In the session on authentication without passwords (beyond passwords) put, Lisa Dusseault made the assertions (with some help from the room):
- Existing browsers do not succeed in verifying site identity to users
- HTML forms for login considered harmful.
- Browser-based third-party identity systems habituate user to redirect to enter their password (task fixation). When you catch someone in the middle of doing something, they will plow through all kinds of barriers to "get the job done." Current password redirection schemes (most of them) redirect users to authenticate.
- Any password-based system is vulnerable to password phishing attacks. Once you've given up the password it's gone. Most users share passwords. Sometimes for legitimate reasons. Certificates are little better.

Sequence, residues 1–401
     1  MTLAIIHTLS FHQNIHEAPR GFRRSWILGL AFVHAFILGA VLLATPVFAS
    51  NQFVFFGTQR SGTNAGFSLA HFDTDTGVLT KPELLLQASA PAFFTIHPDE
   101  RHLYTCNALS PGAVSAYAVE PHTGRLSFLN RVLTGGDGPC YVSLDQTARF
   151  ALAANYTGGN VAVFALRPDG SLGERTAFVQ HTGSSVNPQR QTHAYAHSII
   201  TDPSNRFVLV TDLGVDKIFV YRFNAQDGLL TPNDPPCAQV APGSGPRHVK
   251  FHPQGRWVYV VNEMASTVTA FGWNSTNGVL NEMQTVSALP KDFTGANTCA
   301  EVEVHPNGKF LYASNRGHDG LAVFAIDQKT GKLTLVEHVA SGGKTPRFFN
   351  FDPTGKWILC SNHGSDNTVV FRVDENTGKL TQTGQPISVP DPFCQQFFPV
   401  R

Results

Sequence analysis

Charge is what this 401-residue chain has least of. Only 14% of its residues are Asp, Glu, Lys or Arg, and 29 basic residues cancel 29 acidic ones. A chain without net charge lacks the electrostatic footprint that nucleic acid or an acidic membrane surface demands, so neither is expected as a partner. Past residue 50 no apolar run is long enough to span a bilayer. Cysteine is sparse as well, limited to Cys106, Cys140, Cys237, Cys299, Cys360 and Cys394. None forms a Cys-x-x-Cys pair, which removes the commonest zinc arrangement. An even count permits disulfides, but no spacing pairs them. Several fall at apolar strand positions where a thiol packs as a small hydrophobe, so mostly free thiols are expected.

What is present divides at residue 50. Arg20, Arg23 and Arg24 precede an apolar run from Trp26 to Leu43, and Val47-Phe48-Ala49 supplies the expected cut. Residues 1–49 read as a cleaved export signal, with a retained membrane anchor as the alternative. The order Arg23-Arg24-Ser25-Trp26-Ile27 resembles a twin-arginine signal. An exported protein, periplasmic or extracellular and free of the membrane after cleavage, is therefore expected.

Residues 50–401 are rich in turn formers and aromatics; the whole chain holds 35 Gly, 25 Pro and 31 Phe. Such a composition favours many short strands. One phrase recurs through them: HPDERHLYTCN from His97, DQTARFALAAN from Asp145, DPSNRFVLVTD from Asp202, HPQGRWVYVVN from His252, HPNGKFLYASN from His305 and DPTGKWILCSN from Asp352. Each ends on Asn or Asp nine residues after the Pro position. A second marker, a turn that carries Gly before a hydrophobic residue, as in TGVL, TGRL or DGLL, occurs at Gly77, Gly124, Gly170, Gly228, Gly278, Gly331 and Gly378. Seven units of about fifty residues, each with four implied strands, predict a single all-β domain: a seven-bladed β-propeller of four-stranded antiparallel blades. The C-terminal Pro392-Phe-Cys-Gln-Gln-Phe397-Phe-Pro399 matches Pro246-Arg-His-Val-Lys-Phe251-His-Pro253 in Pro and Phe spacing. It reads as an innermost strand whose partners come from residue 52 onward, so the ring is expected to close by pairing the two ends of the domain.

- Subverting a leveraged identity is more attractive. There has to be some balance between convenience and single sign-on. I made the point that our physical wallets are a model here. Jim Harper's book is instructive here.
- Restoring integrity and reputation is expensive. It's usually easier for crackers to adapt to our defenses that it is for us to adapt to their attacks.
Some design points:
- Bits on the wire should be temporal
- Consistent user interface
- Spoof resistant interface
- Verify site before releasing identity information
- Portability (kiosk access)
- Make insider attacks difficult
- Allow multiple credentials
- Consistent and seamless lifecycle of credentials and keys
We got into a big discussion of why PKI could or couldn't be fixed.